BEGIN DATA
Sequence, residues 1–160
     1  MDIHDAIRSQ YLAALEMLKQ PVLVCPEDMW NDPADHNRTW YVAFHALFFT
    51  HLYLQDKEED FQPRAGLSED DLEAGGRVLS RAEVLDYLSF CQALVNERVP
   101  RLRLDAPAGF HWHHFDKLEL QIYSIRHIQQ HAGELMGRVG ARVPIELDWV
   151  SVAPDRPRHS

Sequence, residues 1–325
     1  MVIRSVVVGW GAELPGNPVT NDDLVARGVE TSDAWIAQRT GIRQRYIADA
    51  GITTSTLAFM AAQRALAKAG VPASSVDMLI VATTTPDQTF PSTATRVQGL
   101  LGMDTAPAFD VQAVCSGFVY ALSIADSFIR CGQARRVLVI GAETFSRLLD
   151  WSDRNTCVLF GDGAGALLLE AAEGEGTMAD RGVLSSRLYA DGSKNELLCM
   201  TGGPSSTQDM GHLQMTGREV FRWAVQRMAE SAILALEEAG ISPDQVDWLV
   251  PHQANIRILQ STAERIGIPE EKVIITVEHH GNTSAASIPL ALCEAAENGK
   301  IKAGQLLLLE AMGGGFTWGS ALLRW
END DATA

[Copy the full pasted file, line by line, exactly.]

Sequence, residues 1–160
     1  MDIHDAIRSQ YLAALEMLKQ PVLVCPEDMW NDPADHNRTW YVAFHALFFT
    51  HLYLQDKEED FQPRAGLSED DLEAGGRVLS RAEVLDYLSF CQALVNERVP
   101  RLRLDAPAGF HWHHFDKLEL QIYSIRHIQQ HAGELMGRVG ARVPIELDWV
   151  SVAPDRPRHS

Sequence, residues 1–325
     1  MVIRSVVVGW GAELPGNPVT NDDLVARGVE TSDAWIAQRT GIRQRYIADA
    51  GITTSTLAFM AAQRALAKAG VPASSVDMLI VATTTPDQTF PSTATRVQGL
   101  LGMDTAPAFD VQAVCSGFVY ALSIADSFIR CGQARRVLVI GAETFSRLLD
   151  WSDRNTCVLF GDGAGALLLE AAEGEGTMAD RGVLSSRLYA DGSKNELLCM
   201  TGGPSSTQDM GHLQMTGREV FRWAVQRMAE SAILALEEAG ISPDQVDWLV
   251  PHQANIRILQ STAERIGIPE EKVIITVEHH GNTSAASIPL ALCEAAENGK
   301  IKAGQLLLLE AMGGGFTWGS ALLRW